To provide a grounded outlet where no ground is present is dangerous.

Some locations in your house- especially where the outlet and/or appliances may become wet- require ground-fault circuit-interrupter (GFCI) receptacles.  Older, ungrounded circuits usually are protected by polarization, which is less effective than grounding but better than nothing. Grounded and polarized receptacles work only if they are wired correctly.

False Neutral: Electrical Receptacle Wiring Connects Neutral Screw to Ground Path

If you look closely at bottom connecting strap below the face the electrical outlet show above, just above our red (C) notice, you'll see a white-painted wire wrapped around the metal strap used to mount this connector in the electrical box.

False neutral wired electrical outlet (C) Daniel FriedmanOur photo at left shows the back of this same electrical outlet.

Unlike the earlier "False Ground" case, this electrical receptacle was wired with a "false neutral" using bell wire or telephone wire.

The receptacle was mounted in a metal junction box and wired with two-wire armored cable (BX) that contained a hot and neutral wire. But a fault in the neutral wiring in this building caused the receptacle to stop working.

A previous owner or handyman "fixed" this problem by making a flimsy connection between the neutral screw on the receptacle and the receptacle's mounting ("ground") strap.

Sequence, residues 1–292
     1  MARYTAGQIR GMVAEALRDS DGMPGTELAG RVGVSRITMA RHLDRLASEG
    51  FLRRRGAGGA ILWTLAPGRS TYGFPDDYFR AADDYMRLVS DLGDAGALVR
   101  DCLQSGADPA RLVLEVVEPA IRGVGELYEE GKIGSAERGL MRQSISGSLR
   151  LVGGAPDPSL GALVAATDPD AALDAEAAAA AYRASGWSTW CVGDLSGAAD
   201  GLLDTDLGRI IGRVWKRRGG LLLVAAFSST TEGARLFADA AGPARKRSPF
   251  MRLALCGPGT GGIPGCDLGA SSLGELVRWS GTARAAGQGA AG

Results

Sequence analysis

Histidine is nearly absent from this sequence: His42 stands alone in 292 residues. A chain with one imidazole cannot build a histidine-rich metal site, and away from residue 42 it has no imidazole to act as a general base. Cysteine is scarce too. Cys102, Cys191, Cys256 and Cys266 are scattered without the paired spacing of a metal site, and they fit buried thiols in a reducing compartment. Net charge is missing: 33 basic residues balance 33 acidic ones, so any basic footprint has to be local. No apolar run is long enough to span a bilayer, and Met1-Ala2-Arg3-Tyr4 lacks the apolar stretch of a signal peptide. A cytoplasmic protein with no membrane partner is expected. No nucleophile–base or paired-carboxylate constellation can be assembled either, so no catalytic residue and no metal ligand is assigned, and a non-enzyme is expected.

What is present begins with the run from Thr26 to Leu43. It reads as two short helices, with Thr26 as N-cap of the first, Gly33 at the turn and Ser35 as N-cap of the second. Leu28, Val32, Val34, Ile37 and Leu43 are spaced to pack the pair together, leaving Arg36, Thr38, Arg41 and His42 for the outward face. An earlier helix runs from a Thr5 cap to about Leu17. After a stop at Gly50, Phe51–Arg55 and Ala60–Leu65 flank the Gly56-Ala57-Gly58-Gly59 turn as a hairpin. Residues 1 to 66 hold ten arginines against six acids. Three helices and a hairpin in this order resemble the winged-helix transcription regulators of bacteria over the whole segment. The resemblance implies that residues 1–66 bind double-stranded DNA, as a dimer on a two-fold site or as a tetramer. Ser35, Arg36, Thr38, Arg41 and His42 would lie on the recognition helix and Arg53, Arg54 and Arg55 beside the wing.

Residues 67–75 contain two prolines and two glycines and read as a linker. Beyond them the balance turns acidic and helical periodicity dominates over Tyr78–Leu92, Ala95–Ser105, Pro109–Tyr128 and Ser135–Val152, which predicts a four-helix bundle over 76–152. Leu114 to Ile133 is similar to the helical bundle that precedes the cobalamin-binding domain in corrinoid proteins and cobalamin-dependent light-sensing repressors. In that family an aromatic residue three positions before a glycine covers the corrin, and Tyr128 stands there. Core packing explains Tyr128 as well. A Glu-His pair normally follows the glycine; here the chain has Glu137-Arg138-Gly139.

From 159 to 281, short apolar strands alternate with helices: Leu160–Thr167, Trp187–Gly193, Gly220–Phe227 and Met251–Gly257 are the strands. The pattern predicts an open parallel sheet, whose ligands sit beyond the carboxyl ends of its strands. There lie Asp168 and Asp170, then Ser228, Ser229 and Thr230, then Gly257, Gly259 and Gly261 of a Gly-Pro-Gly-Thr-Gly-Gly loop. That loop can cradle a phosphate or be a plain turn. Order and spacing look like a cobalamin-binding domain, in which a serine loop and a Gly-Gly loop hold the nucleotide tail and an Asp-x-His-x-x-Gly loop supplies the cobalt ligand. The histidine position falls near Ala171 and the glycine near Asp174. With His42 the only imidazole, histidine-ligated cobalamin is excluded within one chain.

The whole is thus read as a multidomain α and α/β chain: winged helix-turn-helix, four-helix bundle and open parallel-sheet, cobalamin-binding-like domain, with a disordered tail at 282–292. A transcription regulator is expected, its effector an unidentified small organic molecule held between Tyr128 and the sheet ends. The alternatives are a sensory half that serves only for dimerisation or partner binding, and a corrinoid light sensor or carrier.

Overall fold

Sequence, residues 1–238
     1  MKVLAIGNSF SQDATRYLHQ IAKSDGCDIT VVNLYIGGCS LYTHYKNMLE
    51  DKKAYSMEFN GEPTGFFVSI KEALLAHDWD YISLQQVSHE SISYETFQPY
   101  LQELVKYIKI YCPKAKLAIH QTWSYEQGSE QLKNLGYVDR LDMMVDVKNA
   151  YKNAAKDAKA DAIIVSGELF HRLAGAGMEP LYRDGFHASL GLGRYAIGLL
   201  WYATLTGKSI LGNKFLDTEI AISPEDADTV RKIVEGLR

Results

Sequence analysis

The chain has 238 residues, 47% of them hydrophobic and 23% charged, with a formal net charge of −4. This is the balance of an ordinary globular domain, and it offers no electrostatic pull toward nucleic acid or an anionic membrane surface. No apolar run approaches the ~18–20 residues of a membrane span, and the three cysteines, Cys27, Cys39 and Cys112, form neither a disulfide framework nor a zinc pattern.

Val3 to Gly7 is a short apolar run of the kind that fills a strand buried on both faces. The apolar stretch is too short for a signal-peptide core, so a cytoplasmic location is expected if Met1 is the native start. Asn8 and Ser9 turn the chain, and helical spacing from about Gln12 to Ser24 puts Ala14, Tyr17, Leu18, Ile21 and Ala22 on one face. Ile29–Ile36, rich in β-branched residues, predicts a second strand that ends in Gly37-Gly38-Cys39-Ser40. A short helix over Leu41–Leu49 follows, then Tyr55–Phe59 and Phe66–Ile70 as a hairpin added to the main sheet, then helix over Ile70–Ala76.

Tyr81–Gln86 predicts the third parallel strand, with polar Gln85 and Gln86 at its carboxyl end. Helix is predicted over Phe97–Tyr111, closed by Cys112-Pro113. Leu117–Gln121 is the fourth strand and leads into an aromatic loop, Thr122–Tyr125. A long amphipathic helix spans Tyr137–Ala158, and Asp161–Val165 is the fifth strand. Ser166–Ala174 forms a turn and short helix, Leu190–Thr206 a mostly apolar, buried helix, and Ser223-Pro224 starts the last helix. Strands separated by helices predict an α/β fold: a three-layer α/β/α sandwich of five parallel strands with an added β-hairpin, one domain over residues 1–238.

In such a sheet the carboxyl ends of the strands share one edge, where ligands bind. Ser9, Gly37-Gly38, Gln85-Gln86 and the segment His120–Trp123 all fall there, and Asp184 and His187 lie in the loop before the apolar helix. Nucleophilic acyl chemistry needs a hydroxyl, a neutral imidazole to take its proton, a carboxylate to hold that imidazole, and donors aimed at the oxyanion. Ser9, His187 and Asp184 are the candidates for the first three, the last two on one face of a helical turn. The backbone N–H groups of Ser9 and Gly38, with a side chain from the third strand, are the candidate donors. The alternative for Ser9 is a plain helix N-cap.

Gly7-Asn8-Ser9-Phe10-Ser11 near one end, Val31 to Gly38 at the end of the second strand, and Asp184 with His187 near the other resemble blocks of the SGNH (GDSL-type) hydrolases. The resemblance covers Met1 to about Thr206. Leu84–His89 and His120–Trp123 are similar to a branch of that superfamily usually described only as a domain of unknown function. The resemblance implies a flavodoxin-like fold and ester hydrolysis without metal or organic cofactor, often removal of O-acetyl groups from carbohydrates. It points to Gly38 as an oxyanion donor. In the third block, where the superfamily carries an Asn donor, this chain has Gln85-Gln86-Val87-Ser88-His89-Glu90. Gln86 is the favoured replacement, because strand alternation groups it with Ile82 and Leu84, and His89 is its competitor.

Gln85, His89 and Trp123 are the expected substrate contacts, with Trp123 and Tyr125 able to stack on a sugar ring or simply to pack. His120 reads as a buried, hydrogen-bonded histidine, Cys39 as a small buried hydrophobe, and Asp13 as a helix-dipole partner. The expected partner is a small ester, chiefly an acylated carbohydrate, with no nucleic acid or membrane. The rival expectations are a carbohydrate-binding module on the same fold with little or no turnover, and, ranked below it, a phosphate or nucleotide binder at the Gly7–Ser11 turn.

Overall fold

Since the circuit wire was armored cable, a path to ground was provided by the metal jacket of the wire itself.

But when the amateur electrician wired the receptacle as we found it, plugging anything into the receptacle completes a circuit from the hot side of the receptacle through the powered device (say a vacuum cleaner), back to the neutral side of the receptacle, and through that telephone wire off to the mounting strap which connects to the metal junction box and the BX metal jacket that completes a circuit to earth, rather than through the proper neutral wire.

What happens when you use this unsafe electrical receptacle? Well when that vacuum cleaner is running the return current is traveling on the armored cable jacket - the metal "BX" exterior as well as other components in the electrical system become live.

Just touching the "BX" wire jacket and grounding yourself, say to a radiator, can give a nasty shock - which is how the author discovered this erroneously wired device.

Question: electrician frequently "solved problems" by connecting the receptacle neutral screw to the ground terminal and grounding conductor

Ground wire connected to neutral wire on electrical receptacle (C) InspectApedia.com MS Watch out: The danger of connecting neutral to ground anywhere but in the panel is that when the circuit is active current is flowing on the grounding conductor or for BX / armored cable it's flowing in the metal BX jacket.